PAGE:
Bill de Blasio, mayor of New York City, scrapped his White House bid on Friday, Sept. 20, leaving persistent questions surrounding his fundraising practices.
The Federal Election Commission (FEC) sent a letter to de Blasio’s presidential campaign committee, doubling down the ambiguity of his tangled web of money and donors, which prompted at least two formal complaints from watchdog groups during the campaign.
The FEC requested information about a $52,852 debt to de Blasio state political action committee (PAC) controlled by the mayor. The campaign had contended that this was a permissible loan but FEC said that the practice is not allowed by campaign finance rules.
The FEC’s senior campaign finance analyst, Robin Kelly also noted that contributions over $5,000 are barred, meaning that the campaign took more than 10 times the permissible amount from the state PAC and used it for travel expenses, digital advertising, and rent.
The federal and state political action committees, called NY Fairness PAC and Fairness PAC launched last year by de Blasio to support political campaigns of progressive Democrats and fund exploratory efforts for his own presidential run.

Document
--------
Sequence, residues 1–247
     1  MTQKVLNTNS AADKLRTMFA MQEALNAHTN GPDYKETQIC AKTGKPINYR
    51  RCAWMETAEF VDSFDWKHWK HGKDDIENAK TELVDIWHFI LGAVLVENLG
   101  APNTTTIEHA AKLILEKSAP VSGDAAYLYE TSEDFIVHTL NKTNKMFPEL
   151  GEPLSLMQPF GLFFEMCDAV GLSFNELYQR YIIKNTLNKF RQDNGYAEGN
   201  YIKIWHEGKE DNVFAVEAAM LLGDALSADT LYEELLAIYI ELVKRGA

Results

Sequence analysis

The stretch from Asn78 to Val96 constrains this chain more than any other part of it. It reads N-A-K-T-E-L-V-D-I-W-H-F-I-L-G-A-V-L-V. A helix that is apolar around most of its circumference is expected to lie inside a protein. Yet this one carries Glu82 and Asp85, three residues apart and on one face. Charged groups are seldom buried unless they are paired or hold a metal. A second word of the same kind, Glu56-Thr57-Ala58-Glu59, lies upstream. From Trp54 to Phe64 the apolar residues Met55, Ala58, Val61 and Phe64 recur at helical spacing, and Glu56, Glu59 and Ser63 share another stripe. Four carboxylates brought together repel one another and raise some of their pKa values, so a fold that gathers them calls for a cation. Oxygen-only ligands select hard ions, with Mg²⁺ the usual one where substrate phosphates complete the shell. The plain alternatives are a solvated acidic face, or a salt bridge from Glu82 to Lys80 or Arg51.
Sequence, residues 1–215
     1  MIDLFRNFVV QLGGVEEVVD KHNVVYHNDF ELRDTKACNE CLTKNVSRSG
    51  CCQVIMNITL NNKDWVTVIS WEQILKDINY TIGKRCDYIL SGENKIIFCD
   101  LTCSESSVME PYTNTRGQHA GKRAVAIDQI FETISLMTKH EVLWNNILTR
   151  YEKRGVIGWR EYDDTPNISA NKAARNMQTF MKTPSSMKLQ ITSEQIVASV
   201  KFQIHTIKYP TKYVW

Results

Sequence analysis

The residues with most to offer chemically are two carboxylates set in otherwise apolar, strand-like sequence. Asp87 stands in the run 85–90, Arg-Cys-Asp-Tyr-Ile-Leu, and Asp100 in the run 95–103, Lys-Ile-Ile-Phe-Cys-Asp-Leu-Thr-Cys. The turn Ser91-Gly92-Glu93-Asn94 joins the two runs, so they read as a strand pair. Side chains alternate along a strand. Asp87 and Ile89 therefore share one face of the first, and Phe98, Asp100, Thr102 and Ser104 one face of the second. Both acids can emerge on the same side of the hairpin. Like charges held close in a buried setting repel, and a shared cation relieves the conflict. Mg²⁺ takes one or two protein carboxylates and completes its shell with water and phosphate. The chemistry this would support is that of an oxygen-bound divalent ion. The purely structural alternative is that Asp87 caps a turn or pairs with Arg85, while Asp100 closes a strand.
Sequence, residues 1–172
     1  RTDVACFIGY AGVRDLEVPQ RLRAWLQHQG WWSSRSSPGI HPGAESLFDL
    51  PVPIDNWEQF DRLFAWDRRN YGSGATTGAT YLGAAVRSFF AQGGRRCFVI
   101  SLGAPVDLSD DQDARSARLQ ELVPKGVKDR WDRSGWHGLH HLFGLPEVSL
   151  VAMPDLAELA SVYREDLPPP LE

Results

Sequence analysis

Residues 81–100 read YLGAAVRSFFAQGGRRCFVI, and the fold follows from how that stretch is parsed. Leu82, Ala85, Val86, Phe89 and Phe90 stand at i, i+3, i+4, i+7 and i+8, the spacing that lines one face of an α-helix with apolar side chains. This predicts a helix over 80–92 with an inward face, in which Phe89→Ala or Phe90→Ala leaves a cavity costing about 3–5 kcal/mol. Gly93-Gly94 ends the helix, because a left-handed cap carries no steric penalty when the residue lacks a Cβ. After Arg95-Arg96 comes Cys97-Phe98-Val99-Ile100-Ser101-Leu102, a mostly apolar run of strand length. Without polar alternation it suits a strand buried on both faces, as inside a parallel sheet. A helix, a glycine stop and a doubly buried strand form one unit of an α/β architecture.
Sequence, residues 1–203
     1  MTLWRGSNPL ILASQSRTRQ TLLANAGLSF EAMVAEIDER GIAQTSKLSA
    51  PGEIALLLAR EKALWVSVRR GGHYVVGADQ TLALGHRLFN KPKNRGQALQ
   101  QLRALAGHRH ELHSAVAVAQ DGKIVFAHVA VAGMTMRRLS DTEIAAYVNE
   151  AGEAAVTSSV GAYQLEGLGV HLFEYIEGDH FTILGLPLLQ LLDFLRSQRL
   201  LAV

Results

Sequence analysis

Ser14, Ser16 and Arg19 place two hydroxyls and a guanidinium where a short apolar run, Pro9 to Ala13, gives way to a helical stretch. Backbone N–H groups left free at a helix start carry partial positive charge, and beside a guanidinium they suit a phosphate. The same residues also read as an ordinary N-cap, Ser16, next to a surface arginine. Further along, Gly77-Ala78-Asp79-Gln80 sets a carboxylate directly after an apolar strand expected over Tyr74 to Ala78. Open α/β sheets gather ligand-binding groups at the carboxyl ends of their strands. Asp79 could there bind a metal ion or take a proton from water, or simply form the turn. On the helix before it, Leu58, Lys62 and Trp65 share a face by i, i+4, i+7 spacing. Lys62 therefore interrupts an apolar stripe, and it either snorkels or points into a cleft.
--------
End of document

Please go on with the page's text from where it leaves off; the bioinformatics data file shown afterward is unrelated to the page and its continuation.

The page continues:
However, The City reported that the two PAC have allocated just 16% of their spending in the last year toward Democratic candidates or committees, the remaining was spent for de Blasio’s presidential campaign.
Last month, the Campaign Legal Center filed a complaint with the FEC, calling for an “immediate investigation.” The complaint found donors who had already donated the maximum contribution to de Blasio’s presidential campaign were also giving to both of his PACs.
“[The campaign] appears to have concocted a shell game to arrange for a small number of wealthy donors to support de Blasio’s presidential run above and beyond legal contribution limits,” the group’s complaint said.
De Blasio’s Campaign for One New York nonprofit in 2014 also faced scrutiny and became the subject of the Justice Department. The investigation ended without charges but noted that de Blasio and his aides had supported certain donors.